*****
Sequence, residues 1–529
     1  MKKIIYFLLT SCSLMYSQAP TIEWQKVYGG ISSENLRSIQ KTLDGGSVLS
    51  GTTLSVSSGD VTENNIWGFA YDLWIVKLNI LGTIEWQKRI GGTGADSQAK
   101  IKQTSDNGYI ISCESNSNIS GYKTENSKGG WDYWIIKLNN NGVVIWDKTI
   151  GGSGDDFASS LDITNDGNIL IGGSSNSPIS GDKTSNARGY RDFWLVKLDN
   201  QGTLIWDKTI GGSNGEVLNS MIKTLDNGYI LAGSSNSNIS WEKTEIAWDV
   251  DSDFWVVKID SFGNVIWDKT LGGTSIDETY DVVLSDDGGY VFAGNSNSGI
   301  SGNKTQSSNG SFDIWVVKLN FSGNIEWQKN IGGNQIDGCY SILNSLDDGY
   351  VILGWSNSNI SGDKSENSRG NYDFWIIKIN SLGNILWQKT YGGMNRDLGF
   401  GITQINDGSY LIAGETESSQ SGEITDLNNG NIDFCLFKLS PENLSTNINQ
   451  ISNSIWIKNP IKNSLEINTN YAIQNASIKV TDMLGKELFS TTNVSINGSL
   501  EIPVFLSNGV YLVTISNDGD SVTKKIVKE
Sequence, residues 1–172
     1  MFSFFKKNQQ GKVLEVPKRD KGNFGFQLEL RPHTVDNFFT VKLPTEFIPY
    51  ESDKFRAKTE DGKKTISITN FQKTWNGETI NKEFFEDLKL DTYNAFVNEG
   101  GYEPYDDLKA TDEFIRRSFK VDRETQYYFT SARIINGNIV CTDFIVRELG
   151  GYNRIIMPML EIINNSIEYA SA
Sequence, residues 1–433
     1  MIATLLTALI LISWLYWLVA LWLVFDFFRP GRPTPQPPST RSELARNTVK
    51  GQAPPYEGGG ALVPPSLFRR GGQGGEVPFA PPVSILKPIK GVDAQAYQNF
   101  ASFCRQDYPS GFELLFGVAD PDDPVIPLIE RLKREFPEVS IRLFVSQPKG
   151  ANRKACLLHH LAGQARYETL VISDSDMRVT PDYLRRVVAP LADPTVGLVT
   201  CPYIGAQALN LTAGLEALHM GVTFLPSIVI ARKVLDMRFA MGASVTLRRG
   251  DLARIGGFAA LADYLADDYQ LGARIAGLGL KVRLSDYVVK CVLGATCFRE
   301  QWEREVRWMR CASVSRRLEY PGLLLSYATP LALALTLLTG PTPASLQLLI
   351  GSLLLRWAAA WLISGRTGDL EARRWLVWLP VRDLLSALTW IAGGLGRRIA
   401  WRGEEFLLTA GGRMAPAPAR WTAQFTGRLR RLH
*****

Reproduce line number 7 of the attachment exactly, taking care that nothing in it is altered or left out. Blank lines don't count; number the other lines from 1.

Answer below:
   251  DSDFWVVKID SFGNVIWDKT LGGTSIDETY DVVLSDDGGY VFAGNSNSGI